Independent UK retailers have reacted angrily to Tesco and Asda FIFA 10 promotions that have seen the supermarket giants selling the game at half its recommended retail price - and called for legislation to prevent the below cost selling of goods.
"It's bully boy pricing really," Chips MD Don McCabe told GamesIndustry.biz. "Other countries have laws against this selling at a loss for very good reason."
McCabe admitted that in the short term consumers get a good price, but said that in the longer term the closing of smaller retailers at the hands of the supermarket giants will result in less choice for those consumers.
"Once they've got the whole market they'll expand their profits, reduce the choice and screw the suppliers," said McCabe. And the only thing that can be done is what other countries have, he added, which is to "recognise the insidious march of the supermarkets model is detrimental to the consumer ultimately."
"Long term it is detrimental," he added. "It's decreased choice. You just have to look at the amount of suppliers that are screaming holy blue murder over Tesco whose businesses just get driven into the ground by the demands that some of the supermarkets make on them. At the end of the day, the only people who actually benefit from it are Tesco shareholders."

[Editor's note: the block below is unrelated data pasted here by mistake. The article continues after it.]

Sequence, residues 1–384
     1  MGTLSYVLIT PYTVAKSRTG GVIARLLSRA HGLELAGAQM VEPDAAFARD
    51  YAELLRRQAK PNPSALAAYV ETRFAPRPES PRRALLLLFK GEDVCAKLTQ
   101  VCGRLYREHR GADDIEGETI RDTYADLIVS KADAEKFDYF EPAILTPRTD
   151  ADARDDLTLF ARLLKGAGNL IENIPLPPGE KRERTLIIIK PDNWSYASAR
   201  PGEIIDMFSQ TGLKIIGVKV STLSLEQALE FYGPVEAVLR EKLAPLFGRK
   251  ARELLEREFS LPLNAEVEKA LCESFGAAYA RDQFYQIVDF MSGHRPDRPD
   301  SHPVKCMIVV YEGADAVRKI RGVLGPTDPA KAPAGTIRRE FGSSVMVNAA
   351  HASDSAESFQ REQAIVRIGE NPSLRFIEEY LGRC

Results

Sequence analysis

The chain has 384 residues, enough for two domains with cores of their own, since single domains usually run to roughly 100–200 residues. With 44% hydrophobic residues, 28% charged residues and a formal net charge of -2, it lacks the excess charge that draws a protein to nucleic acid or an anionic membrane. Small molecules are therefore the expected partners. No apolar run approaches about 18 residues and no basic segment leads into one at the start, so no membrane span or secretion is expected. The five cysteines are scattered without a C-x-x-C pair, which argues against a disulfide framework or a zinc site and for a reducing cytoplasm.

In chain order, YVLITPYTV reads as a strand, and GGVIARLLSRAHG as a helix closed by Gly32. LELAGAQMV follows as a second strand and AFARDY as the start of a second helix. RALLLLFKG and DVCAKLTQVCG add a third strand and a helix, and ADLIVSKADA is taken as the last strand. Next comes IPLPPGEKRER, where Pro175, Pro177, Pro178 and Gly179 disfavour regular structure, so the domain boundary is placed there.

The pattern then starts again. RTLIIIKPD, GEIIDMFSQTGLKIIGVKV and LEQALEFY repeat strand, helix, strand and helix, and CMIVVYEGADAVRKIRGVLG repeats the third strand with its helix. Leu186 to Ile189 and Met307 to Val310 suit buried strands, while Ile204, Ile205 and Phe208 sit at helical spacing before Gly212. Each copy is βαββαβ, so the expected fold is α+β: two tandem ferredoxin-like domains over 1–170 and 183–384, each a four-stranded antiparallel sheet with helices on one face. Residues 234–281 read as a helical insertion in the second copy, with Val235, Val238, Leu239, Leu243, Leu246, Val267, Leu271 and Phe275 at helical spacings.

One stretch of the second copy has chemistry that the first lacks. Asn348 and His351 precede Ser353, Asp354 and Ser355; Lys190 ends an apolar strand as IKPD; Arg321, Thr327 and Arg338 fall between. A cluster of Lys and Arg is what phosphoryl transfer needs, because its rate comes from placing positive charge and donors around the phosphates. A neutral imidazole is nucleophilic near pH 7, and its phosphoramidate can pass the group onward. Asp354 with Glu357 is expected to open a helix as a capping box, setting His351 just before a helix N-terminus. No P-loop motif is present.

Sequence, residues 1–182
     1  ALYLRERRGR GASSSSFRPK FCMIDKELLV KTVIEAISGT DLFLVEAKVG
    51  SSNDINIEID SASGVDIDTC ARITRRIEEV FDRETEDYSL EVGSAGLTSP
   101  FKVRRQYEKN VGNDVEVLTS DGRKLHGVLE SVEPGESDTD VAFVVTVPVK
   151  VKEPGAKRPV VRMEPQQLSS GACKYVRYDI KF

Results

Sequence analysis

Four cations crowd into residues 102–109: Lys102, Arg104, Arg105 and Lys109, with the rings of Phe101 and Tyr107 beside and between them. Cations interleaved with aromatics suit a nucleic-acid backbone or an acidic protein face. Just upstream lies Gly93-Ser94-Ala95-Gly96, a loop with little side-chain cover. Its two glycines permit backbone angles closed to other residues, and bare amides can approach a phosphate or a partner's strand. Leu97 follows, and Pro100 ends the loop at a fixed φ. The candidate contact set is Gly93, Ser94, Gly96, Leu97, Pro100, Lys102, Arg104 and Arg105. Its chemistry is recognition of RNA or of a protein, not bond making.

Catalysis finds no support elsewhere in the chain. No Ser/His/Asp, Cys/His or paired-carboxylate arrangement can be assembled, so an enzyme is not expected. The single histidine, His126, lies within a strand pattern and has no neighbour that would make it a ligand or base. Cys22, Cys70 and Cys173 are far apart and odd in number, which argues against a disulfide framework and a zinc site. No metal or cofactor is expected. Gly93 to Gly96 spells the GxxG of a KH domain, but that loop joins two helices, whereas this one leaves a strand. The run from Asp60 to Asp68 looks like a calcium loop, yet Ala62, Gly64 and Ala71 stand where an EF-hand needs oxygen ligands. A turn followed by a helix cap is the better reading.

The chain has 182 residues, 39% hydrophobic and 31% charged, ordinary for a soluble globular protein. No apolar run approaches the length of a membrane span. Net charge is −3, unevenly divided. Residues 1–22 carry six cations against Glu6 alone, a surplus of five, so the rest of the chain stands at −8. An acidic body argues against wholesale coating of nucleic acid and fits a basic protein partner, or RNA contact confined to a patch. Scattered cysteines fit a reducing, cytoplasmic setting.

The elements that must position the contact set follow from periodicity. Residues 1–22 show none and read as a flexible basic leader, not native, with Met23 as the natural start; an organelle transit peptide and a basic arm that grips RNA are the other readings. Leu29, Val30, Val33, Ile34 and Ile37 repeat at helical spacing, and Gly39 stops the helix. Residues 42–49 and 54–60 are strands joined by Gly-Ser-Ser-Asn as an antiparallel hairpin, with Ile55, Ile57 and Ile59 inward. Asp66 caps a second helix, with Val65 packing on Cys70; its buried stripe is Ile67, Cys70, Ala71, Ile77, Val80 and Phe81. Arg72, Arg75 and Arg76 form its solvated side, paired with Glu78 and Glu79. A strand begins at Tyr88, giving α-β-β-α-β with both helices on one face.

"This sort of price slaughtering has been going on for years and it will probably always happen," admited Neil Muspratt, director of SimplyGames, who refered to Tesco's pricing action as "crazy".
"The timing of this particular activity is especially unhelpful. Like it or not, software prices are on the increase and selling one of the biggest releases of the year at less than GBP 25 sends a message to consumers that any higher pricing must mean they are being ripped off.
"It is also a particularly negative way to start off the all-important Q4 period and reflects badly on the entire industry but what do they care? We priced FIFA very competitively and our customers received it in their homes today," he added.
With the supermarkets selling at below cost, Muspratt even admits to buying his own stock from them. "We protect ourselves by keeping stocks to a minimum and, of course, by dispatching small teams of people into supermarkets to buy our next round of stock."
The retail industry is "awash" with others doing the same, said McCabe. "Buy a bit of stock up, wait for the price to go back up, then make your margins. That's retail or that's the traditional retail model anyway. Supermarkets have turned that model on its head to a certain degree."
Many supermarkets had also sold out of all stock of the game by as early as 8.30am this morning following midnight openings which, when considering the offer is only scheduled to run this weekend in the case of some chains, will lead to large numbers of customers leaving disappointed.
"We all like cheap prices," acknowledged McCabe, "it doesn't matter whether it's games, bread, whatever."
"I understand consumers saying this is a good price, that we should get every game at this price," he says, "but ultimately it will damage the overall market."